Whereas children entering foster care often confront the widespread misperception that children in foster care are disruptive, unruly, and dangerous, even though placement in foster care is based on the actions of a parent or guardian, not the child;

Whereas recent studies show foster children enrolled in Medicaid were prescribed antipsychotic medications at 3 to 9 times the rate of other children receiving Medicaid;

Whereas due to heavy caseloads and limited resources, the average tenure for a worker in child protection services is just 3 years;

Whereas States, localities, and communities should be encouraged to invest resources in preventative and reunification services and postpermanency programs to ensure that more children in foster care are provided with safe, loving, and permanent placements;

Whereas in 2018, Congress passed the Family First Prevention Services Act, which provided new investments in prevention and family reunification services to help more families stay together and ensure more children are in safe, loving, and permanent homes;

Whereas Federal legislation over the past 3 decades, including the Adoption Assistance and Child Welfare Act of 1980 (Public Law 96–272), the Adoption and Safe Families Act of 1997 (Public Law 105–89), the Fostering Connections to Success and Increasing Adoptions Act of 2008 (Public Law 110–351), the Child and Family Services Improvement and Innovation Act (Public Law 112–34), and the Preventing Sex Trafficking and Strengthening Families Act (Public Law 113–183) provided new investments and services to improve the outcomes of children in the foster-care system;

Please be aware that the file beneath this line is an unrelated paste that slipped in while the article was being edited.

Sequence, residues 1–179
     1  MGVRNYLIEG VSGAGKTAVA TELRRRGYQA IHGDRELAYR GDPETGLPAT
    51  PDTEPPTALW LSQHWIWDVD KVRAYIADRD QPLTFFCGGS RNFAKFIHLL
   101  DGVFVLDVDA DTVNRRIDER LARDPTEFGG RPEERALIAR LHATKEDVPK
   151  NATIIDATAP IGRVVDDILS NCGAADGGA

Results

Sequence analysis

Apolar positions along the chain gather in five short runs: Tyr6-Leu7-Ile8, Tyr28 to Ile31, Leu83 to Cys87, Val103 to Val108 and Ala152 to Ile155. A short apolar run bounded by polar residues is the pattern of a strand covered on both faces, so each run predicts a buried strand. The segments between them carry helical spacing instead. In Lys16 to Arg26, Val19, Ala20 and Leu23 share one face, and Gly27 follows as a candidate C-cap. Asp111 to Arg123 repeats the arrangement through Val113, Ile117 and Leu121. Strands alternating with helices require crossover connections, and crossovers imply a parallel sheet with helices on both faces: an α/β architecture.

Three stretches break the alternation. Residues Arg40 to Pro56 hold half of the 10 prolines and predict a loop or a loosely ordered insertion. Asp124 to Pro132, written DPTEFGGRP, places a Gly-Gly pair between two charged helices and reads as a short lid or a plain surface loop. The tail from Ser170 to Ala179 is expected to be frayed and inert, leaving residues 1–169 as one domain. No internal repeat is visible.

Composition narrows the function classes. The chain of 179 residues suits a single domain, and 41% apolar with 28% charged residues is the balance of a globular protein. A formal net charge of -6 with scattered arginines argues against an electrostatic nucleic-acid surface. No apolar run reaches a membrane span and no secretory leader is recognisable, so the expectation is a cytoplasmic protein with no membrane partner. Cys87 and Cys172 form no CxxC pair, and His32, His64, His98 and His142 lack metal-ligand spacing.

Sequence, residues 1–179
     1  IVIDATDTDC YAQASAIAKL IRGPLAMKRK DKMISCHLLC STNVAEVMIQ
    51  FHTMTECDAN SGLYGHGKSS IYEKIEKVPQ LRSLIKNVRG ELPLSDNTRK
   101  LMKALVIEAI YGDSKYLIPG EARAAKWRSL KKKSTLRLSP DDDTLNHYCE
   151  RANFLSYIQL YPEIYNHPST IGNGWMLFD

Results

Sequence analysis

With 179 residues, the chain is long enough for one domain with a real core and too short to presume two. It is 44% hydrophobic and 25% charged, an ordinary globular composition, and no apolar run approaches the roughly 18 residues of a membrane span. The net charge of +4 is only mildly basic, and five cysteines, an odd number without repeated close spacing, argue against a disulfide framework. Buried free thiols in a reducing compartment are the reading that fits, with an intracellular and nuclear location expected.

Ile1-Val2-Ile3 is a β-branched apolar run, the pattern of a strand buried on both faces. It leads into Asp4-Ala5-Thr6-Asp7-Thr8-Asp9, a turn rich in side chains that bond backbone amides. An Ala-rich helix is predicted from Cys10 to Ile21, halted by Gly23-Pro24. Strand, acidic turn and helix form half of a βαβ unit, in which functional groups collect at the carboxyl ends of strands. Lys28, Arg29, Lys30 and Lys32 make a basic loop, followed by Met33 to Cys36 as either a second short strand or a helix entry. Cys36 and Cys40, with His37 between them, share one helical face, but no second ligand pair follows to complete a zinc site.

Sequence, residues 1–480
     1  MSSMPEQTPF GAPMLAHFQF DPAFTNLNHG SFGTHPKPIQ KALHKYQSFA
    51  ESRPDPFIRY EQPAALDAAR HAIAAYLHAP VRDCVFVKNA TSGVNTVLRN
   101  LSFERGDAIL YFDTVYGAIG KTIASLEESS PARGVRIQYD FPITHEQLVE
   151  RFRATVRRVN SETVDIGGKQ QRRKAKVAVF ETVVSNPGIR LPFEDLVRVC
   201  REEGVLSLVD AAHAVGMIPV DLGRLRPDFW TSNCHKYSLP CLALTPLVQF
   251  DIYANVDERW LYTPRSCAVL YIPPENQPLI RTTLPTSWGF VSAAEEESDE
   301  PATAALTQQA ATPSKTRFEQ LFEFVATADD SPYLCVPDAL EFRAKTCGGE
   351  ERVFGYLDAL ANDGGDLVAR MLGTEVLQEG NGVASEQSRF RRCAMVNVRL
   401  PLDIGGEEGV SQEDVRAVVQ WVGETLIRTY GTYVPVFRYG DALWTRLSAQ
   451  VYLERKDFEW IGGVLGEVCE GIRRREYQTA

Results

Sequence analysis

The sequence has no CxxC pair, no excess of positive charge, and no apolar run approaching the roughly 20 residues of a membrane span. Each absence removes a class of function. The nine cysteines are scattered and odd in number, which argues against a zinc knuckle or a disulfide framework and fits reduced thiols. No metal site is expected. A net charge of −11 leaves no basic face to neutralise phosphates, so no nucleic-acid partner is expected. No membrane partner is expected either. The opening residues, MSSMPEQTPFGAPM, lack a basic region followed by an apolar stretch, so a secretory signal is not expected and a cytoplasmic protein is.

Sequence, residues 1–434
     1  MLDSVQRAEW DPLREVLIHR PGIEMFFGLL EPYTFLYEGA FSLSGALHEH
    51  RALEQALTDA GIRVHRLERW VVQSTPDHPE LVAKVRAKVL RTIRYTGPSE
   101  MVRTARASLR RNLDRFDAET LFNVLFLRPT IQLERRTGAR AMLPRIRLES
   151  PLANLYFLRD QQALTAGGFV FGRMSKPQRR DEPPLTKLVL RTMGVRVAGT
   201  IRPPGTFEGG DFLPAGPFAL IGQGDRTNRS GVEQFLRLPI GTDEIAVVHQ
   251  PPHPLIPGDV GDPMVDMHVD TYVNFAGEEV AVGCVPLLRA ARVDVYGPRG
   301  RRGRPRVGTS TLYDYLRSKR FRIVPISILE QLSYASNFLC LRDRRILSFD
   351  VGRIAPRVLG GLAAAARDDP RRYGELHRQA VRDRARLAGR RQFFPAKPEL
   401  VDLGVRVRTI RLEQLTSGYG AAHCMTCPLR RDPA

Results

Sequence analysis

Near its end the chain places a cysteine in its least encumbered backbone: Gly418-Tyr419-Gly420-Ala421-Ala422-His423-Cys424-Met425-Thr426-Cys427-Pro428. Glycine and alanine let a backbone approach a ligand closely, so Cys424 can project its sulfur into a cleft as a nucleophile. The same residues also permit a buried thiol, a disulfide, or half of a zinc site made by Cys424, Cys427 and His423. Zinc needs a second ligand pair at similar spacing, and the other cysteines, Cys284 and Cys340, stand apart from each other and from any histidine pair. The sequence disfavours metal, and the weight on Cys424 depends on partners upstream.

Whereas May 2018 is an appropriate month to designate as National Foster Care Month to provide an opportunity to acknowledge the accomplishments of the child-welfare workforce, foster parents, advocacy community, and mentors for their dedication, accomplishments, and positive impact they have on the lives of children; and

Whereas much remains to be done to ensure that all children have a safe, loving, nurturing, and permanent family, regardless of age or special needs: Now, therefore, be it

That the Senate—


supports the designation of National Foster Care Month;


recognizes National Foster Care Month as an opportunity to raise awareness about the challenges that children face in the foster-care system;


encourages Congress to implement policy to improve the lives of children in the foster-care system;


acknowledges the unique needs of children in the foster-care system;


recognizes foster youth throughout the United States for their ongoing tenacity, courage, and resilience while facing life challenges;


acknowledges the exceptional alumni of the foster-care system who serve as advocates and role models for youth who remain in care;


honors the commitment and dedication of the individuals who work tirelessly to provide assistance and services to children in the foster-care system;


supports the designation of May 31, 2018 as National Foster Parent Appreciation Day;


recognizes National Foster Parent Appreciation Day as an opportunity to recognize the efforts of foster parents to provide safe and loving care for children in need and raise awareness about the increasing need for foster parents to serve in their communities; and


reaffirms the need to continue working to improve the outcomes of all children in the foster-care system through parts B and E of title IV of the Social Security Act (42 U.S.C. 601 et seq.) and other programs designed to—


support vulnerable families;


invest in prevention and reunification services;


promote adoption in cases where reunification is not in the best interests of the child;


adequately serve those children brought into the foster-care system; and


facilitate the successful transition into adulthood for children that age out of the foster-care system.